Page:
Twelve years ago, a total of $5 trillion in market value
was lost when the "Dot-com" bubble burst. Many investors lost their life savings, their kid's college funds, or their retirements as a result.
Flash-forward to today, and I'm convinced many investors are running the risk of making the same mistake that caused those trillions of dollars in losses a decade ago.
Let me explain...
You've undoubtedly heard about the new multi-billion dollar "Web 2.0" companies like Groupon, Zynga, LinkedIn and Facebook. The mainstream financial press can't get enough of them...
For the past several months, investors have been blindly throwing money at these companies.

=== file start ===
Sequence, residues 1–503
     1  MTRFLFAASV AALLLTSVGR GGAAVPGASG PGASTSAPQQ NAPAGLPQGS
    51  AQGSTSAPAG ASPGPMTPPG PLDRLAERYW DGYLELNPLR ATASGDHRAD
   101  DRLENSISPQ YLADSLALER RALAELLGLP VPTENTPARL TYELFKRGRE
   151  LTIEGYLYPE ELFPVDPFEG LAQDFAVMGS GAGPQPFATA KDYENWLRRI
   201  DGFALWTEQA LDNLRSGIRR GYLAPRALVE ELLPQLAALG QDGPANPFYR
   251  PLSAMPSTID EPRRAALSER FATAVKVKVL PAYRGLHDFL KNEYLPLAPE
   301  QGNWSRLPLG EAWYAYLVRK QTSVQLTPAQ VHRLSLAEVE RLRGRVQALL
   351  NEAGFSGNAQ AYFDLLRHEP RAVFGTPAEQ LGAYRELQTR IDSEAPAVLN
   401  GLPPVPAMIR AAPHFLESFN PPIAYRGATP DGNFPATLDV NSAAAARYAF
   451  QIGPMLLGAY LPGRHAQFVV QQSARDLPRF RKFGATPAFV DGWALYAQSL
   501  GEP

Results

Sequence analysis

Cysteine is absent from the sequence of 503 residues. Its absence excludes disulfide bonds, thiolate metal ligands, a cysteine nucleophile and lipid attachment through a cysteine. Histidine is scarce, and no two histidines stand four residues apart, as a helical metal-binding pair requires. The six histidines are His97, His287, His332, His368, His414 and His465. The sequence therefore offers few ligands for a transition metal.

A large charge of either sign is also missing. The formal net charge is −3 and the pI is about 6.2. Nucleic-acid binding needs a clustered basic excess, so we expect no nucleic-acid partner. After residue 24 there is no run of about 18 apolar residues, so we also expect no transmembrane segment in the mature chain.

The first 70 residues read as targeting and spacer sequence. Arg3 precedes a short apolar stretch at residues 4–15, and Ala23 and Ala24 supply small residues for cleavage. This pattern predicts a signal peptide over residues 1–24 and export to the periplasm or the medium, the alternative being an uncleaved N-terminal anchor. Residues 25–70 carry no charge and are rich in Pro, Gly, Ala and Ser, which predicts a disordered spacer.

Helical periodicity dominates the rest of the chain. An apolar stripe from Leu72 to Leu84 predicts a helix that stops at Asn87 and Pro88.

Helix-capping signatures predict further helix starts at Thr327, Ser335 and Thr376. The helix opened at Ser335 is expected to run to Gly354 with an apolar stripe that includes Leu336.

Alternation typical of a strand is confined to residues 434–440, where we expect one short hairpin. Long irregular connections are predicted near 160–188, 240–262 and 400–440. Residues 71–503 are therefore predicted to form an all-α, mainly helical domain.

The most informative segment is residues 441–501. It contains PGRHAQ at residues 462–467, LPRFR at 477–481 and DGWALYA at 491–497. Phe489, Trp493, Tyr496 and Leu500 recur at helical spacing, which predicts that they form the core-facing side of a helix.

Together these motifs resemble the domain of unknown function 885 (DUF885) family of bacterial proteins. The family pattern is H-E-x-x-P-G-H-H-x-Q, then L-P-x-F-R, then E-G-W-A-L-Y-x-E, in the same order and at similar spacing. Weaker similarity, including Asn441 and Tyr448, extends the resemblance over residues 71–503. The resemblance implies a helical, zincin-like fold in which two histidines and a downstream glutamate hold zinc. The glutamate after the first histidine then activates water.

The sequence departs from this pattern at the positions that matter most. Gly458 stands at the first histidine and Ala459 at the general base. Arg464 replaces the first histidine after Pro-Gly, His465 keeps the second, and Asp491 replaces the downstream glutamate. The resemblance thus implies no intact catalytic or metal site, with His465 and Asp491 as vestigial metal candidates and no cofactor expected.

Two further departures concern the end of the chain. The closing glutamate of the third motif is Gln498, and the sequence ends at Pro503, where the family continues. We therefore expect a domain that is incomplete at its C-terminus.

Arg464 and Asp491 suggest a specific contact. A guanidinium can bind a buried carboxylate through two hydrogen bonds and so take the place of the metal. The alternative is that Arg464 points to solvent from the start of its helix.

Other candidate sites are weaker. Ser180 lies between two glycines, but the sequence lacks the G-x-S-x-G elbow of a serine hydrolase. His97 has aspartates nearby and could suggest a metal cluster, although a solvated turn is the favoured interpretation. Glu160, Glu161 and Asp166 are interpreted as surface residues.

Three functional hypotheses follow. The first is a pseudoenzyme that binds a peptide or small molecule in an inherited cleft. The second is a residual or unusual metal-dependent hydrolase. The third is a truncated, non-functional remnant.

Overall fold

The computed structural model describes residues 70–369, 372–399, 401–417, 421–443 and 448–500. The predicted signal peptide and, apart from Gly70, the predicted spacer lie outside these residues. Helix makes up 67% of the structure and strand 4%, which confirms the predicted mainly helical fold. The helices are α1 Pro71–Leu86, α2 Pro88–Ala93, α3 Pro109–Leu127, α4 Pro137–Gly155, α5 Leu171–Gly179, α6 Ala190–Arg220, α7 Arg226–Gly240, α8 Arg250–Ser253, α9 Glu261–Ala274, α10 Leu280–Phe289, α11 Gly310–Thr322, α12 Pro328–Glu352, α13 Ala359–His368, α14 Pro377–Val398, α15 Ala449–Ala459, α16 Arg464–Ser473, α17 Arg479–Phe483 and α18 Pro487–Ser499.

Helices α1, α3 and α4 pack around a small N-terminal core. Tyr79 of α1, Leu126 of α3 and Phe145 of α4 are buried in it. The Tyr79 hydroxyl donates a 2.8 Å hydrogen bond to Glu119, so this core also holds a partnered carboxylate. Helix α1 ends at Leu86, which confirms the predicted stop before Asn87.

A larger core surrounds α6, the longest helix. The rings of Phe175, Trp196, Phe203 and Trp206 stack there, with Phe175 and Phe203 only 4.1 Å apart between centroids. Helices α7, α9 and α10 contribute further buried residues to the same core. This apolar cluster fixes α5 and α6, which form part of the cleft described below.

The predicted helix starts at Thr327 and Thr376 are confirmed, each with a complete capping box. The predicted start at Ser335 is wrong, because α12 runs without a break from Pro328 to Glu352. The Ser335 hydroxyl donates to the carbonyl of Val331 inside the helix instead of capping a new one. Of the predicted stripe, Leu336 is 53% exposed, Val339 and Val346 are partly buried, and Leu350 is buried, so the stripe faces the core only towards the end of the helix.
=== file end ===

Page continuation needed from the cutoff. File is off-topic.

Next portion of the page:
Take Zynga for example. Zynga is up 25% since it started trading back in December... but the company doesn't even turn a profit.
In fact, Zynga has lost $400 million during the past year. The firm's net loss came out to $1.40 per share... or more than 10% of its current share price.
LinkedIn (Nasdaq: LNKD), a social-networking site for professionals, is up slightly since going public. But it's been a wild ride. The stock trades at a P/E over 800.
Groupon (Nasdaq: GRPN) doesn't even have a price-to-earnings (P/E) ratio... because it has no earnings. In the past year, the company has lost $350 million or $0.97 per share.
Facebook -- considered to be the "hottest" of all these companies -- hasn't gone public yet. At this point, we can only guess what sort of enormous valuation it might see. Estimates are calling for a valuation of $100 billion. With net income of $1 billion in 2011, that means the stock could sell for 100 times earnings.
And not only do these stocks trade at ludicrous valuations, but they are tremendously volatile.